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Stuart Little: Boat Race

The Academy Award-nominated film, Stuart Little, used an innovative mix of live action and computer animation to produce a heart-warming family adventure.

Released by Columbia Pictures in December 1999, it was a big Christmas hit, grossing $300.1 million at the box office worldwide. It also received an Academy Award nomination for best visual effects but lost out to The Matrix - a tough rival!

The film was the start of a franchise which included a sequel, Stuart Little 2, in 2002 and a TV series, Stuart Little: The Animated Series, in 2003. The third in the trilogy of films was released in 2005 and was called Stuart Little 3: Call of the Wild.



The plot is based on the 1945 children's novel, Stuart Little, by EB White, with the screenplay written by Greg Brooker and M Night Shyamalan. However, some of the characters and basic plot elements in the film are different from those in the book.

In White's fantasy book, Stuart Little was said to be "born to human parents" in New York City, but he "looked very much like a rat or mouse". In the film, Stuart is adopted from an orphanage and is described as an "anthropomorphic teenage mouse".

Stuart finds that life as a small mouse-person is very challenging. Although his adoptive parents, Eleanor and Frederick Little, love him, their young son, George, refuses to acknowledge that Stuart is his brother, while the family cat, Snowbell, is disgusted that a mouse is officially his "master".


Boat race

Stuart finally manages to bond with George when he helps the youngster to finish making a remote-controlled boat, called The Wasp, in time for a boat race in Central Park.

After agreeing to personally drive the boat after the remote controller breaks. it's a hard-fought race for Stuart when he comes up against George's main rival, Anton - a nasty child who smashes up the other kids' boats. He manages to do this sneakily so he isn't disqualified and soon looks set to win the race.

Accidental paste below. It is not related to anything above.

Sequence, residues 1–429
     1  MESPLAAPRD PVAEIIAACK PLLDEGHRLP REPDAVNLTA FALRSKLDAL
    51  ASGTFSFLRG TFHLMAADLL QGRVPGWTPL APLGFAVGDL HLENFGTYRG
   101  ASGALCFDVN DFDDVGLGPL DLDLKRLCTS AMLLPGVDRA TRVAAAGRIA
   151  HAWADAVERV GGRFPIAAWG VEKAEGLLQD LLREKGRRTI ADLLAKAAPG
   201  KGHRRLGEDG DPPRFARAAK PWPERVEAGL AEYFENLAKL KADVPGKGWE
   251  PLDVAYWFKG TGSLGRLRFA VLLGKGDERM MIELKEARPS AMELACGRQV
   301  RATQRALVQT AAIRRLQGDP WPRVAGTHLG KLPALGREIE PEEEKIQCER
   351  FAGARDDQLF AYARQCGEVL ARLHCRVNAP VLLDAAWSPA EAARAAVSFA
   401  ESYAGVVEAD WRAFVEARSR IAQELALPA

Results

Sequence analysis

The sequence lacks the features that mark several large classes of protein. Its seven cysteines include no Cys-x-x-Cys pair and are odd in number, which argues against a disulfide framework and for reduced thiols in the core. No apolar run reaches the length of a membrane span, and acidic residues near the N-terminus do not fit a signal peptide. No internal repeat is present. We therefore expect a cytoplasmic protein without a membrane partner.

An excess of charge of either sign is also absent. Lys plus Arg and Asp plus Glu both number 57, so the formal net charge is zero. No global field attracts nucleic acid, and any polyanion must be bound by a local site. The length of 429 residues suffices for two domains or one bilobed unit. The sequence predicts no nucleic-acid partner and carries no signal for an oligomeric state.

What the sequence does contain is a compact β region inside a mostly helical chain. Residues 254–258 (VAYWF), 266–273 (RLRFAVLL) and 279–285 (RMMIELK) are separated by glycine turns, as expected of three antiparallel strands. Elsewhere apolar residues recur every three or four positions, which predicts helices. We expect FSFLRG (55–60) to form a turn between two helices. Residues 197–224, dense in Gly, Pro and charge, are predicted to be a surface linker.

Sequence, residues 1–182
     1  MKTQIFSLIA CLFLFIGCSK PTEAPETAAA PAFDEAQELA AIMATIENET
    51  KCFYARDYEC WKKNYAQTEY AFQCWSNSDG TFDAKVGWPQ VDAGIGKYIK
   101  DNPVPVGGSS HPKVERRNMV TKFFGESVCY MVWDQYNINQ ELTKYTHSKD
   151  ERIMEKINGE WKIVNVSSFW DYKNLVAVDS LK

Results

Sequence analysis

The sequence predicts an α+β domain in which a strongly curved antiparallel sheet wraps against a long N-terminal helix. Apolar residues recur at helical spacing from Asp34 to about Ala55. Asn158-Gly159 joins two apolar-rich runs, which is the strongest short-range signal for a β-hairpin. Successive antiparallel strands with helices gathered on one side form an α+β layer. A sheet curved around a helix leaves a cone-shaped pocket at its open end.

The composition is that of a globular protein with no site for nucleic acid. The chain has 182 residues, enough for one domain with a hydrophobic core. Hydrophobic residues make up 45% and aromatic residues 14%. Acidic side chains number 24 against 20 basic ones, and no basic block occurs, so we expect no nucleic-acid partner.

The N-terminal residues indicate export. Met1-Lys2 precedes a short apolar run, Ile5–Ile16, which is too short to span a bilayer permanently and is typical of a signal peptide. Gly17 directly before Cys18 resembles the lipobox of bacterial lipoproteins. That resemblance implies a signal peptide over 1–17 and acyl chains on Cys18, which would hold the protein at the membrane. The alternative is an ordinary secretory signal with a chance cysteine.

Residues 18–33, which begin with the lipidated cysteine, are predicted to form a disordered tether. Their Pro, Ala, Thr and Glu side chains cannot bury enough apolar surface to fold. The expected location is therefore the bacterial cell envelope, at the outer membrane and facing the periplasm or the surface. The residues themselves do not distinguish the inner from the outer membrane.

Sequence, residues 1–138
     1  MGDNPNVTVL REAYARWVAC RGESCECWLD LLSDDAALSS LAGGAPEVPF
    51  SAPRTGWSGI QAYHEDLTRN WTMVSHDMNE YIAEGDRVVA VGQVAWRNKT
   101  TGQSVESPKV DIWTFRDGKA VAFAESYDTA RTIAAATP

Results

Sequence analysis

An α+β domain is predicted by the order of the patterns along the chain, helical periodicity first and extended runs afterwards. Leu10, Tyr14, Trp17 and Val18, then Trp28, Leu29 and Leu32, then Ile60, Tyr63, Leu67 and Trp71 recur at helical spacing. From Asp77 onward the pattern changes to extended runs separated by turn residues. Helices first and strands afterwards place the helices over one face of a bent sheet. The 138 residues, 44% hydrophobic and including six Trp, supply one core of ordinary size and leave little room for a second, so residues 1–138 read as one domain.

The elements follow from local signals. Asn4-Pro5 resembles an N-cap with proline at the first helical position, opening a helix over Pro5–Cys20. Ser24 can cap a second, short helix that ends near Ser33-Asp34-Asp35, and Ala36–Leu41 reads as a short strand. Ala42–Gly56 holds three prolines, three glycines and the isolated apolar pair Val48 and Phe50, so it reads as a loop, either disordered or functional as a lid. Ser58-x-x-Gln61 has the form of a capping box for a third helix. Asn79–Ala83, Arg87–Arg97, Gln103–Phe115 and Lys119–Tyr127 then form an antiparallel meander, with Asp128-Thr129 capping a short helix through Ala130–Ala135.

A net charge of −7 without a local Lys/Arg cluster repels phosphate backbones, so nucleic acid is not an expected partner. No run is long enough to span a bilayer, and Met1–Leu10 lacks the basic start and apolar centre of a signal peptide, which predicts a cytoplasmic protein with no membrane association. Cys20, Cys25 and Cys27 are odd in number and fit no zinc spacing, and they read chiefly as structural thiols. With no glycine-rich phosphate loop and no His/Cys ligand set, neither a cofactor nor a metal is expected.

However, Stuart outwits him and after a mammoth tussle, the wires of Anton's boat snap and Stuart wins the race and the respect of George and the rest of the Little family.

However, storm clouds are gathering in the shape of Snowbell the cat, who's plotting to get rid of Stuart due to the embarrassment of having a mouse "master". A mysterious couple, Reginald and Camille Stout, arrive at the house, claiming to be Stuart's long-lost real parents. Can they be believed or did Snowbell have a hand in the unexpected family reunion?



The film worked so well largely thanks to its all-star cast. The real-life human actors included Geena Davis as Eleanor Little, Hugh Laurie as Frederick Little and Jonathan Lipnicki as young George.

The animated characters were also voiced by Hollywood A-list stars including Michael Fox as Stuart, and Nathan Lane (renowned for his voice work in The Lion King) as Snowbell.

Stuart Little received mainly positive reviews from the critics. It was described as "charming" for both children and adults, thanks to its visual effects and humour. It was also said to be a "near flawless family film".

A soundtrack was released by Universal Records and Motown in November 1999, including hits such as That's Amore by Dean Martin and The Boat Race by Alan Silvestri.

If you're a sailing fan (in a substantially bigger boat than Stuarts, obviously!) check out Coruba's wide range of marine and boat products, including rubber matting and rubber fenders for cushioned docking.

Please contact us on 01702 560194 for further details.

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